Maps

    Yep that's right maps. Because in the entire history of mapping or more importantly GPS mapping there has yet to be a single 100% accurate one. Once you get out of the city, I've lost track of the number of times even google maps is just dead wrong. GPS has been around how long now? Yea good luck convincing me that maps will be 100% accurate all the time anytime in the foreseeable future. If those can't be made 100% accurate, then completely driverless cars 100% of the time aren't a possibility.
     
  9. Ur_Mom

    Ur_Mom I'm Not Serious

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    If they were human controlled until you hit the freeway, it'd work great. Freeway is 99% vehicles. Side streets have more people crossing the roads, other obstacles. Going on the freeway, you could have vehicles go high speeds, all uniform. Traffic might get slowed down, but if an exit is packed, traffic would slow a few MPH down the way so it doesn't turn into a standstill. Just highly managed traffic.
     
  10. M76

    M76 [H]ardForum Junkie

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    I don't know what is the connection between maps and computer controlled cars in your head. And I'm not sure I want to hear it. There is no correlation between the quality of maps in google and the ability of a computer program to drive a car.
     
  11. M76

    M76 [H]ardForum Junkie

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    I'm not sure what you define as aggressive. But my definition is, excessive speeding for no reason, using turning lanes to go straight, cutting off people, switching lanes every second, just because there is a 3feet gap there, etc that makes an aggressive driver. If you're like that then it's funny that you should mention being inconsiderate, because aggressive driving is the very definition of being inconsiderate. Anyone could drive like that, but they don't because they choose not to get on the nerves on others. If everyone would drive like that it wouldn't work. Noone would get anywhere.

    Aggressive driving only works as long as nobody else is doing it. But if two of that kind meet at an unexpected place then shit can go wrong. Just look at some russian dashcam footage, that's what aggressive is.

    That reminds me I didn't even mention that computers don't get out of the car and smash your windscreen or try to bash your head in with a bat either, for some perceived or real grievance.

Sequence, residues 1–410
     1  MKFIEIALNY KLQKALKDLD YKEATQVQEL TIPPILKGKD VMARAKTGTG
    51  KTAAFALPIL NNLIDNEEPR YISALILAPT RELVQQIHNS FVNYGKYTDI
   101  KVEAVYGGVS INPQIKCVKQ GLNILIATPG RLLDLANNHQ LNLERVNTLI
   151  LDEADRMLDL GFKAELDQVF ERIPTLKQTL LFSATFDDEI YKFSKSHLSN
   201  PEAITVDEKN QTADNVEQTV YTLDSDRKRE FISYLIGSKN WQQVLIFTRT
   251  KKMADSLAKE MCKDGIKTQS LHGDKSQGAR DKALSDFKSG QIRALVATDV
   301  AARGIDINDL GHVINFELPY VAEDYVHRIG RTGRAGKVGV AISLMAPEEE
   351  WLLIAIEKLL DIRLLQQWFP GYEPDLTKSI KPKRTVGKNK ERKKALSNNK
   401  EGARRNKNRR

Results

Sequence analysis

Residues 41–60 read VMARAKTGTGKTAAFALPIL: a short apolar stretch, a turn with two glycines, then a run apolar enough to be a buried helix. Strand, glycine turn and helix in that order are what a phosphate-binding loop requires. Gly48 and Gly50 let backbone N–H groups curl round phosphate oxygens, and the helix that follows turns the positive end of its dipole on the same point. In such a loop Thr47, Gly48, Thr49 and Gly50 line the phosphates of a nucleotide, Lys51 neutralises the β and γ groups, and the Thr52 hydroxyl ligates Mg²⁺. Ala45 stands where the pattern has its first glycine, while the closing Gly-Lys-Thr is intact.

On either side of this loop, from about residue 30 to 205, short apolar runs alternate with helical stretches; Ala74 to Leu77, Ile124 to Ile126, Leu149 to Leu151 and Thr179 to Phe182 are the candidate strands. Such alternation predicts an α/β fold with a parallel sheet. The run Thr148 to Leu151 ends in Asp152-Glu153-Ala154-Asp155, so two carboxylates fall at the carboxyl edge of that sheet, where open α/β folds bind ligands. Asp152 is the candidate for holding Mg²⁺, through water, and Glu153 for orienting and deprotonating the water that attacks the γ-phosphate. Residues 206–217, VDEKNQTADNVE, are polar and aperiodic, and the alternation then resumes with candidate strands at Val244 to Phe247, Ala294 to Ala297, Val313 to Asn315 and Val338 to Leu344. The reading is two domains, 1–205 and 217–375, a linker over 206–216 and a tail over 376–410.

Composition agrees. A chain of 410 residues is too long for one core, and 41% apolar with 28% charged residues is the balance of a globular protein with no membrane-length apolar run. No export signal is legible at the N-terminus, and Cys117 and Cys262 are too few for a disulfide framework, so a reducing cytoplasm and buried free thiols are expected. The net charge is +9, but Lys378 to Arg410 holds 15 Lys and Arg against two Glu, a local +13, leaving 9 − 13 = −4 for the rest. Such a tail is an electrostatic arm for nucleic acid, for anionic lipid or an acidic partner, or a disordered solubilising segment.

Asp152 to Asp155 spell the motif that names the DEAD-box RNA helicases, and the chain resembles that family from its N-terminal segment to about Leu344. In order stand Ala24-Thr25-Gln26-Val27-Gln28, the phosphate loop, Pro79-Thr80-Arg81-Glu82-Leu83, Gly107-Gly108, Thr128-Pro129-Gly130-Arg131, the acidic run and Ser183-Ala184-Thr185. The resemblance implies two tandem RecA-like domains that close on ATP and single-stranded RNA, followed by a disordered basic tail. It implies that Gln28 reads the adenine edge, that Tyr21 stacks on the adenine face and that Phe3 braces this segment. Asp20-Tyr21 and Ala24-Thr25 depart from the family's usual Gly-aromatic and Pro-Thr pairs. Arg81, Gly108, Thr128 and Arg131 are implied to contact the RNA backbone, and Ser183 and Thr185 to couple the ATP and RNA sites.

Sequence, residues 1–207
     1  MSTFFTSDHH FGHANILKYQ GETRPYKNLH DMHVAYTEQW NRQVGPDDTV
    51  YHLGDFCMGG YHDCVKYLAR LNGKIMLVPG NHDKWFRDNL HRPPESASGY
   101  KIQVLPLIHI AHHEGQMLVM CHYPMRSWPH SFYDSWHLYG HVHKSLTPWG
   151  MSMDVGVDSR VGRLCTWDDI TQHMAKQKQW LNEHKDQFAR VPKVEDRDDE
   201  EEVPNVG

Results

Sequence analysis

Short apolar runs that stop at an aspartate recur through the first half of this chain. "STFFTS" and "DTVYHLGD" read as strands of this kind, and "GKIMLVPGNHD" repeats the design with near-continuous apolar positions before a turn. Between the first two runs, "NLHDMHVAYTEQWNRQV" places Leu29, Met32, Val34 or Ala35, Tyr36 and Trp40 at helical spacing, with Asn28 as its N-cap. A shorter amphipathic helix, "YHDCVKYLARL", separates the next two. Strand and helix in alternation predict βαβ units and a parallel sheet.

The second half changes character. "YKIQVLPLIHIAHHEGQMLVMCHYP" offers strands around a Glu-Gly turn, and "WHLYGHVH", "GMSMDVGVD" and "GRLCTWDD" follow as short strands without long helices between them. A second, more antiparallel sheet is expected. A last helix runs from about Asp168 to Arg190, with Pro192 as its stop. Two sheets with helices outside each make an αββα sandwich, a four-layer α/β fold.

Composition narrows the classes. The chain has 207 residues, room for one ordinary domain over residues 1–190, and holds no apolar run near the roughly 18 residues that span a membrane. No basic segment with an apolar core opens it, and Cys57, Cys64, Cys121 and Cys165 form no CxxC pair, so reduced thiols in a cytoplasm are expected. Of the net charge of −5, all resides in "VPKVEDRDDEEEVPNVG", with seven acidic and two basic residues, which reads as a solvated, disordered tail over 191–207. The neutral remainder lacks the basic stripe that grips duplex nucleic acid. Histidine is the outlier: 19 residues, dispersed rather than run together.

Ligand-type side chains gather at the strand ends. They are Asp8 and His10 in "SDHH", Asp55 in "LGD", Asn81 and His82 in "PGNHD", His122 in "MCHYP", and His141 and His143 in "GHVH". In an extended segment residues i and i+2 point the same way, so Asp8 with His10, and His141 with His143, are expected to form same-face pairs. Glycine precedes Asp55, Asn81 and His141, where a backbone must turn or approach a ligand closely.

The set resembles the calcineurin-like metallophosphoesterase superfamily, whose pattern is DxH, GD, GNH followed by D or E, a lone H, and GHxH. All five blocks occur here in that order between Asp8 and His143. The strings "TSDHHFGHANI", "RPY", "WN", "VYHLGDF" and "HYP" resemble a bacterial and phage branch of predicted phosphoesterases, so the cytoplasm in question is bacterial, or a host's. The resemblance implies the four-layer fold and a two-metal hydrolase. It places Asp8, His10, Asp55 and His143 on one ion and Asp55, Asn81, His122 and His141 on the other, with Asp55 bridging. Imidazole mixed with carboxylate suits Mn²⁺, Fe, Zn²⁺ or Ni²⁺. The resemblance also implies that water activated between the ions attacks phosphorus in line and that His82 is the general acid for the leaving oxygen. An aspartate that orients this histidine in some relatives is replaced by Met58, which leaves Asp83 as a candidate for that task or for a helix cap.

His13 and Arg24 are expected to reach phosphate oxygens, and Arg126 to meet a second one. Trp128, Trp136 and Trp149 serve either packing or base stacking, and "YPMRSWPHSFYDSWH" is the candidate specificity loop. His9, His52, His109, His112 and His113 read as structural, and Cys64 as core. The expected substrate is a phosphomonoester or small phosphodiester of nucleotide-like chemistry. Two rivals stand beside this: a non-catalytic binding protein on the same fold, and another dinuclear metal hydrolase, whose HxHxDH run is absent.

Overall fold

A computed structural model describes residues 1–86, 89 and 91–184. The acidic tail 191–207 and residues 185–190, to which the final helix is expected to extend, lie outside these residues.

Texting and sleeping drivers are a problem too, no doubt about that.
     
  12. mesyn191

    mesyn191 2[H]4U

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    Right now yes this is true but it doesn't have to be that way and horses don't vote and aren't subject to the same laws as people.

    Things like Mincome and UHS are politically dead right now but if we see anything at all like the Great Depression levels of economic deprivation + large numbers of unemployment then I'll think you see things change quite a bit. Once upon a time things like Social Security and Medicaid were viewed as impossible and Communist too you know. Of course so was a large standing professional army/military industrial complex and a federal income tax to pay for it too.
     
  13. mesyn191

    mesyn191 2[H]4U

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    Nope. Seattle has had $15/hr min. wage for longer than CA without issue. Other countries have even higher effective min. wages.

    Raising the min. wage to $15/hr only requires raising prices 4-5% in most restaurants for instance. An extra cost of $.05 per dollar on the end price of a product isn't going to matter much to anyone. The extra $5/hr will though.

    The cost is small because the labor to make the product is typically minimal in most restaurants or fast food places despite businesses constantly bitching about the cost of labor.
    [​IMG]
    The cost of the raw food and the fixed costs add up to be the lion's share of the expense in making food.
     
  14. AK0tA

    AK0tA Gawd